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CMSolutions Notice of Annual General Meeting


Dear Members,


The Annual General Meeting of the Australian Community Services Employers Association, Union of Employers T/A: Community Management Solutions will be held on Wednesday, 27th June 2018 at 6.30pm.


Could you please inform us of your availability to attend by returning the RSVP form back to us by Friday, 22nd June 2018.


A copy of the ACSEA Financial Statements for 2017 is available at


For more information please do not hesitate to contact the office on 07 3852 5177.

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Federal Minimum Wage Increase

The Fair Work Commission Minimum Wage Panel has handed down their decision to deliver a 3.5% increase to the Federal Minimum Wage and the Modern Awards.


All modern award base rates will increase by 3.5% from the first full pay period on or after 1 July 2018. Weekly wages will be rounded to the nearest 10 cents.

The national minimum wage will be $719.20 per week or $18.93 per hour. This constitutes an increase of $24.30 per week to the weekly rate or 64 cents per hour to the hourly rate.

Updated pay rate sheets will be emailed out to all Federal Members and uploaded onto the CMSolutions website as soon as they are completed.

If you are a member of the Award Service an updated copy of your subscribed Award will be emailed out to you as soon as they are made available.

Please do not hesitate to contact CMSolutions on 1300 007 110 should you require any further information or would like assistance in applying the increase.

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What should you expect from a Workplace Investigation?

Workplace Investigations are a long process which is stressful for all parties involved. So before you start a workplace investigation lets discuss what you should expect and consider.


Stand Down


It is common for employers to want to stand down their employee whilst an investigation is taking place, however this may not always be the best option.


You should consider standing down an employee when, they are in a position to interfere with the investigation or tamper with information, or there is a serious and immediate risk to health and safety.


Standing down an employee should not be a form of punishment and you should always consider the employee innocent until proven otherwise. Before standing down an employee, ask "can they remain in the workplace?".


Investigator Bias


Choosing an Investigator can be the hardest part of a workplace investigation. The person responsible for the investigation must be able to ensure a fair and just process, whilst not holding any biases towards the parties.


Investigators should not have a predetermined outcome of the investigation. Investigators should also be personally involved in the case or be personally connected to the complainant/s or respondent/s.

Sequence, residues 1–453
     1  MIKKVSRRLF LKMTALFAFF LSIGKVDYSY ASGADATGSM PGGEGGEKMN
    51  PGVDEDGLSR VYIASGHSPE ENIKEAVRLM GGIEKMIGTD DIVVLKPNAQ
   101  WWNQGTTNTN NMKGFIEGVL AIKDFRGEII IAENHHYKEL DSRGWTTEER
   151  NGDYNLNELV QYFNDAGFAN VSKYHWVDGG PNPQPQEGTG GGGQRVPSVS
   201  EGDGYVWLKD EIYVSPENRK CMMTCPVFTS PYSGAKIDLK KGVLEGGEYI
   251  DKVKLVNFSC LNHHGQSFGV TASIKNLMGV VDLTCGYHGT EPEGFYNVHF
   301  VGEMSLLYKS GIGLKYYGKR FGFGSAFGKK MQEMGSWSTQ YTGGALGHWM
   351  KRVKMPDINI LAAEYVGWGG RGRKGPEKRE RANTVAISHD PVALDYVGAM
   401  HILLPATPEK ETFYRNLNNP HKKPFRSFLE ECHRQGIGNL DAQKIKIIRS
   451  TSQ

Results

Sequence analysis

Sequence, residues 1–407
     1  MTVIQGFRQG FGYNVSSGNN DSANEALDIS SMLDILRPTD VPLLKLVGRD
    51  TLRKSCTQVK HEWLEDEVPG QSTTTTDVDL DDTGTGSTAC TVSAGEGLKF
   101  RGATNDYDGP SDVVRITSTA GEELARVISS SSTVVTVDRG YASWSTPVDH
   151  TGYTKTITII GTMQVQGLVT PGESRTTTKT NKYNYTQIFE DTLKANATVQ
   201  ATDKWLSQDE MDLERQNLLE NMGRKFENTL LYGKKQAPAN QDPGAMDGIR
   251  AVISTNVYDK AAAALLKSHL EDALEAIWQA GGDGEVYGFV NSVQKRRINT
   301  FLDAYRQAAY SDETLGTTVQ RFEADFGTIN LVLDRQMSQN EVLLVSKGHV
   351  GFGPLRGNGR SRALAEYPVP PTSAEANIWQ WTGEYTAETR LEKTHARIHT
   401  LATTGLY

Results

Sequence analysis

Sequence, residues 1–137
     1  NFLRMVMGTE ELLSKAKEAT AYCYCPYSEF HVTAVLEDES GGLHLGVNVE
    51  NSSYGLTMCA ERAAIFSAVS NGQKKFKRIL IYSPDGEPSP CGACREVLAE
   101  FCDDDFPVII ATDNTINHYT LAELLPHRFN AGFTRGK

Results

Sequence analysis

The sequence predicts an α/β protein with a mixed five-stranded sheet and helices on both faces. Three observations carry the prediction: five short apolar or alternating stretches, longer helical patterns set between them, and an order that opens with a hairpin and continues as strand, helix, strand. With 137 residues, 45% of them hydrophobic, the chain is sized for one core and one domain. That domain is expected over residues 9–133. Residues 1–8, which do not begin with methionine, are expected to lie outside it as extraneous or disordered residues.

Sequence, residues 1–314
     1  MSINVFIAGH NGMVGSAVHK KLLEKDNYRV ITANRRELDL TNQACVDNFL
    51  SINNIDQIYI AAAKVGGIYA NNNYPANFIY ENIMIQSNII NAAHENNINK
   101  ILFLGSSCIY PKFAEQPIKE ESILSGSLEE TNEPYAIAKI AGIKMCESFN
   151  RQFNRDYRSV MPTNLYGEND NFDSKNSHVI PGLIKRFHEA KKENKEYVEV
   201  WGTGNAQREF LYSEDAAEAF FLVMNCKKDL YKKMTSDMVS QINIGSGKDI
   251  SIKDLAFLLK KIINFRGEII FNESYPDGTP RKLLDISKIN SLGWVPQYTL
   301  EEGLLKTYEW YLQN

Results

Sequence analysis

Procedural Fairness and Natural Justice


When conducting an investigation there are a number of legal principles that will need to be applied. These include:


  • Notifying persons of any allegations to which they are required to respond.
  • Providing sufficient information for a response.
  • Disclosing any material which is adverse to a person's interests (which you may rely on later).
  • Giving persons a chance to respond to any allegations against them.
  • Allowing for a support or representative.




The timeframes for a workplace investigation can vary greatly. An Investigator will need time to understand the allegations, interview all complainants, witnesses and respondents, as well as follow up other information and write a report.


A basic investigation can often take up to four weeks, with complex investigations taking up to 6 months.


It is suggested that you talk with your investigator at the beginning of an investigation to identify some expected timeframes. You should remember however that most investigators will only be able to give you a guide and that the timeframes can vary.


For more information contact one of our Employment Relations Advisors on 1300 007 110.

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Your CMSolutions...Not Going Anywhere!

It has come to our attention that some members have been directly approached by an alternate organisation and that there has been incorrect information broadcast about CMSolutions and our services.
Anyone can make empty promises however with almost 50 years experience working for P&C’s across Queensland there is no not-for-profit organisation (or for that matter organisations wishing to use P&C’s for their own profit) more attuned to serving the complex and varied needs of P&C’s.
We can assure you that your CMSolutions is not going anywhere! With almost 50 years experience working on behalf of P&C’s we are here, with you, for the long haul!